Theistic evolution – what is this, exactly?
An interesting discussion occurs within the comments of a blog at uncommondescent
Apparently some former graduates of Bryan College are writing a science curriculum that will cover the full spectrum of views from hard core evolution to hard core creation. As best I can tell, the authors favor “theistic evolution” although they prefer the term “evolutionary creationism” which is the same thing. Here’s a definition from the article: “Theistic evolution, also called ‘evolutionary creation,’ posits God used evolution to create biological life, including humans.”
Let’s translate that into straightforward English. “God used a process which works perfectly without any intelligent agent to create biological life.” Another way of saying it is “God used a completely self-contained process which is not accessible to any agent to create life.”
We start to see the problem with these statements. The problem is God. The statements work so much better if we simply eliminate God, whose role seems limited to creating a contradiction.
“A process which works perfectly without any intelligent agency created life.” There. Now there’s no contradiction and the statement makes sense.
Or, if you prefer, “God, an agent of unlimited intelligence and act, created life.” That statement, too, is shorn of contradiction and makes sense.
But there’s no way to combine these two statements into a coherent and logical proposition.
Like a figure which is both a circle and a square at the same time in the same way, theistic evolution is a flat out contradiction and makes no sense.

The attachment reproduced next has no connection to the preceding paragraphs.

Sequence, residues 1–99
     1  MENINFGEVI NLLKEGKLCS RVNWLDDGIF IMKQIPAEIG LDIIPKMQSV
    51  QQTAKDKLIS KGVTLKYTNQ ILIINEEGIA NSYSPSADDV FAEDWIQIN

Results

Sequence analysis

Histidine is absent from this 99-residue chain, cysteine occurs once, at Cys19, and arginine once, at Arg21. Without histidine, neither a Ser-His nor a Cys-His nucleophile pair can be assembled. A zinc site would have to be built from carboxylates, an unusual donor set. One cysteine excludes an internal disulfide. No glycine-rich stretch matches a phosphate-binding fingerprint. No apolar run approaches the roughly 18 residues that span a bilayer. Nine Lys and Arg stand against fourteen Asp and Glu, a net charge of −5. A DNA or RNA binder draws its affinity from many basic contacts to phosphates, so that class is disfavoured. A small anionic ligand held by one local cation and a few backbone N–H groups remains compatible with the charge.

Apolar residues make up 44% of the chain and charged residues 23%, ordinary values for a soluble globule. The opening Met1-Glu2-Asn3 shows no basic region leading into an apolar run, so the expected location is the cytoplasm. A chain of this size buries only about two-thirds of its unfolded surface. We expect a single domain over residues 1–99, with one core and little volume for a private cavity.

Consider the assertions of Michael Dowd, the self-claimed “America’s evolutionary evangelist”, in his blog describing “evidence as divine guidance”
As humanity’s collective intelligence embodied in the new academic discipline of big history shows, the Universe began 13.7 billion years ago and, at least with respect to its upper limit, has engaged in a creative process of increasing complexity ever since: from galaxies of stars that created atoms, to oceans of molecules that brought forth the first living cell, to ecosystems of interactions that created minds, to swirling societies of minds that created culture, technology, and probing subjectivity.
Each step of this claimed history (other than the last) are unproven by science. In fact, they have severe difficulties even being considered possible within the scope of science.
1. universe began in big bang 13.7 billion years ago — See Universe from Nothing?
2. creative process of increasing complexity? — not possible within a closed system, per laws of thermodynamics
3. from galaxies of stars… — there is no naturalistic explanation for the existence of the very first stars, chemistry and physics get in the way.